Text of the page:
AbleNook was designed by Sean Verdecia and Jason Ross as part of an architecture project while at the University of South Florida. The summer-long independent study project turned into a real-world solution they hoped could make a difference in the wake of natural disasters. The modular design is based on identical and universal aluminum structural insulated panels (SIPs) and extruded aluminum structural members that clip together without the use of any tools. A basic shelter can be assembled in about two hours without the help of skilled labor. The structural members have a patent-pending design that allow for wiring of electrical components. An arched roof covers the module and integrated solar panels generate power for the dwelling. Finally, adjustable leg jacks allow AbleNook to be deployed on wildly uneven terrain.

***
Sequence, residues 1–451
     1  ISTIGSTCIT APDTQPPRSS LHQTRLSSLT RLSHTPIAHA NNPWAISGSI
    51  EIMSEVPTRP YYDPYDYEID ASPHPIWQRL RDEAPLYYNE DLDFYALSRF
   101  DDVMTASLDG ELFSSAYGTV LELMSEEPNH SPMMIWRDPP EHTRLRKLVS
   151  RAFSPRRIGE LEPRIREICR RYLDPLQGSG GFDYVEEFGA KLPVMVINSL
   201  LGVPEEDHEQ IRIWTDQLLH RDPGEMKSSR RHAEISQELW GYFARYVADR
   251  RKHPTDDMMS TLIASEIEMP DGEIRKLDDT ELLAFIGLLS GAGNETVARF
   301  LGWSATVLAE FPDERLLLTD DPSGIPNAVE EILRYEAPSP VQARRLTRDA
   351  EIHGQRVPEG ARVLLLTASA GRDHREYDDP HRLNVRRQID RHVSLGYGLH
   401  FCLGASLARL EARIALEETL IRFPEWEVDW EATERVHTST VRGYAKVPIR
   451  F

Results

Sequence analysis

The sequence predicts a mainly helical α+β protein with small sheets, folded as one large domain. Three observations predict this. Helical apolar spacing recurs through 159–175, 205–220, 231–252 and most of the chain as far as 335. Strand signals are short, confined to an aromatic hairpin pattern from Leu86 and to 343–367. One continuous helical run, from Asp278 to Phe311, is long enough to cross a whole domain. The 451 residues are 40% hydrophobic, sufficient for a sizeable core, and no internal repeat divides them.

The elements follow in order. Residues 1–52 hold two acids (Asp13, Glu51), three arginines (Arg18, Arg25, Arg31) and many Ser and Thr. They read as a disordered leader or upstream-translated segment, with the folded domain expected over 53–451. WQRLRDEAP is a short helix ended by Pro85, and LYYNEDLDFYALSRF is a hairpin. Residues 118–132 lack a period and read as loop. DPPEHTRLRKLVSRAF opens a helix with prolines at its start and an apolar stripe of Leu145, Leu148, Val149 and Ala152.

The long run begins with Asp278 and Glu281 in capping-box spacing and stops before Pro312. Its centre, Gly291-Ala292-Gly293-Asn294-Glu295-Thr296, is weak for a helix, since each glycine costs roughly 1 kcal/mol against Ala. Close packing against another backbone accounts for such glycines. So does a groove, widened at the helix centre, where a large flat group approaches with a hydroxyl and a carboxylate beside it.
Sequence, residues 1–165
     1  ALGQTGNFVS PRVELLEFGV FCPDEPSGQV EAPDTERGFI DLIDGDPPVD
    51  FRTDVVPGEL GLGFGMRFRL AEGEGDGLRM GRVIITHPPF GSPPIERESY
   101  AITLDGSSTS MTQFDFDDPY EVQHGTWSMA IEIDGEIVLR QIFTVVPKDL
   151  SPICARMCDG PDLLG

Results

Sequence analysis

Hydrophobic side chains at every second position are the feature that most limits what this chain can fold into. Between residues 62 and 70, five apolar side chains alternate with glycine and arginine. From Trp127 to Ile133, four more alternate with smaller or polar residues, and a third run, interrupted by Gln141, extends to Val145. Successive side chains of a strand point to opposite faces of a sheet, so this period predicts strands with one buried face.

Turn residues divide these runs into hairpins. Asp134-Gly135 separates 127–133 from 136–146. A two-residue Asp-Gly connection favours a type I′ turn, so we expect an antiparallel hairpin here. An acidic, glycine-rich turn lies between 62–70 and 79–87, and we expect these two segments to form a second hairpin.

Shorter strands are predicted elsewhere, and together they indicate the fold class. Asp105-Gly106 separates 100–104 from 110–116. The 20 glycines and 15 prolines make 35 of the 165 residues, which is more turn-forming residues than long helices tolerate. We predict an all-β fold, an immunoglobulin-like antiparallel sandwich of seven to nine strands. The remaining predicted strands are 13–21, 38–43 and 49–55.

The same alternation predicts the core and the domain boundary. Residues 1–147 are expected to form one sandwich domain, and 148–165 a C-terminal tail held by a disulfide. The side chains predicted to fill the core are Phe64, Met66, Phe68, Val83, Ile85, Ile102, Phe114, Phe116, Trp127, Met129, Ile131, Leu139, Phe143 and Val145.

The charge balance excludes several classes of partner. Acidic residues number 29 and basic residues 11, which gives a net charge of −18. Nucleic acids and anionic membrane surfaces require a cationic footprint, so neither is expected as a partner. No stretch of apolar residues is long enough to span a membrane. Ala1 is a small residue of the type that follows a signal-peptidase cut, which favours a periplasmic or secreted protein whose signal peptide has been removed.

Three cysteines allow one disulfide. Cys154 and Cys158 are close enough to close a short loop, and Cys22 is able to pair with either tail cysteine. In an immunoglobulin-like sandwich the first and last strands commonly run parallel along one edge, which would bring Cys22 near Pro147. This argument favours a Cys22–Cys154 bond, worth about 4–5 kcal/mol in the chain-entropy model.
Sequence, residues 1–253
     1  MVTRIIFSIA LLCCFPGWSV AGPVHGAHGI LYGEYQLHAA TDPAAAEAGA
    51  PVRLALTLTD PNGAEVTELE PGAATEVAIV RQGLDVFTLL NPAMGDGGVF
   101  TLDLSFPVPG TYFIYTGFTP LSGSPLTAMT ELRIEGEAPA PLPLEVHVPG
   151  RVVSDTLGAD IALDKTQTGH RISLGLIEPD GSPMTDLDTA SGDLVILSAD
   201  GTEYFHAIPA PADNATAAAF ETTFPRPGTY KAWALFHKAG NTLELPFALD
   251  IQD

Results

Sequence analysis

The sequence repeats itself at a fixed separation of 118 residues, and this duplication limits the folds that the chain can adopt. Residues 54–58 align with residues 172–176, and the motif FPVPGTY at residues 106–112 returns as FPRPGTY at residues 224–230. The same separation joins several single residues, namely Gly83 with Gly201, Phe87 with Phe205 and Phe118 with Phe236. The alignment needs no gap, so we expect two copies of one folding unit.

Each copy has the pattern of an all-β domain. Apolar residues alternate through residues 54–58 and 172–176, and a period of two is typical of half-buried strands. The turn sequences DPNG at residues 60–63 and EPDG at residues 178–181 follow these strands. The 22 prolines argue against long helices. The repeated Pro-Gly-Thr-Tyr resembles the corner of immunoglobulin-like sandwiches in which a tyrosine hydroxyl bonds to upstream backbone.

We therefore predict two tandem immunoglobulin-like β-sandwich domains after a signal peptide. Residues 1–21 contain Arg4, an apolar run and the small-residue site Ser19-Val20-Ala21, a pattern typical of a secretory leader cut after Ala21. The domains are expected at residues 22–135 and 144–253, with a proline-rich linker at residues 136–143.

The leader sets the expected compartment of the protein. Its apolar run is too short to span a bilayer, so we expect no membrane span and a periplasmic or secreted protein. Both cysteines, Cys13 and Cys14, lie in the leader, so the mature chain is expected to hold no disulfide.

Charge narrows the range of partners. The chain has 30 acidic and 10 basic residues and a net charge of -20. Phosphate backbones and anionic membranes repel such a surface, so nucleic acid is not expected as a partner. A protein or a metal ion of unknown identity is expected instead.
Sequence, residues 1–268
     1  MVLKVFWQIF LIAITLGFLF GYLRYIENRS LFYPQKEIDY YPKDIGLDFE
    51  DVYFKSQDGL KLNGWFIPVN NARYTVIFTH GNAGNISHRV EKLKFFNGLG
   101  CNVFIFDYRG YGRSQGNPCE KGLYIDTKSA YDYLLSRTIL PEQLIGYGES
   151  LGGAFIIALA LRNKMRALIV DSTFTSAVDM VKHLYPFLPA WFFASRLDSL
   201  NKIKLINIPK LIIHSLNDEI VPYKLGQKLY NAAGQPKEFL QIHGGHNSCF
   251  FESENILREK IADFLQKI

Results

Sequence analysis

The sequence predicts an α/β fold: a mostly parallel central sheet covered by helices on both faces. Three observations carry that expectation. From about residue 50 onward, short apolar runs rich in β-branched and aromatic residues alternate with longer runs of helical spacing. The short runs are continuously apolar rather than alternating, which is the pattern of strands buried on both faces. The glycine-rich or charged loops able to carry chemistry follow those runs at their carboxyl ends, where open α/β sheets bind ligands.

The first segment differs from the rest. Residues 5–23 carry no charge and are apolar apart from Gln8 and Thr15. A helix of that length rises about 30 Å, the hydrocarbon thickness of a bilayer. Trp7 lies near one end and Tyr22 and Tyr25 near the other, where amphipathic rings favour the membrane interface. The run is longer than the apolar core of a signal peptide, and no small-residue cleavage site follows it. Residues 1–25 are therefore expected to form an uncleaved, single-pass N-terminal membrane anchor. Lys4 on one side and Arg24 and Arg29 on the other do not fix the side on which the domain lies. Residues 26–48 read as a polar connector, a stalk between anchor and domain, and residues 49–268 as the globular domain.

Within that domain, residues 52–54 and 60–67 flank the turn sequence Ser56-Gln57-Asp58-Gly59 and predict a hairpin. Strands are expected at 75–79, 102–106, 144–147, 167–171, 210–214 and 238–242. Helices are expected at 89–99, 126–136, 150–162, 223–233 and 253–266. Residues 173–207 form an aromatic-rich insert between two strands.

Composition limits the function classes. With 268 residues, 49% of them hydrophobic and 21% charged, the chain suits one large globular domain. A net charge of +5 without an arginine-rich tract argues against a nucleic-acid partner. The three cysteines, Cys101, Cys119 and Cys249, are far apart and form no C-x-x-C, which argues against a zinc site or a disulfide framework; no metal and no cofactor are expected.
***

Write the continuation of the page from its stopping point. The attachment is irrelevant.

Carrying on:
The design team has recently completed a working prototype, a single module that serves as a proof of concept. They also recently launched a Kickstarter campaign to raise funds for the next phase of their development. With $60,000 the team will build the molds and tooling necessary to fabricate AbleNook 002 and begin building dwellings on larger scale. “We really believe that good design can help save people’s lives and restore human dignity after a natural disaster,” says Jason Ross. While the original plan was for these units to be used for disaster relief, AbleNook could also be expanded for classrooms, offices, and even prefab housing. The duo expect to have units completed and available for sale by the end of 2013.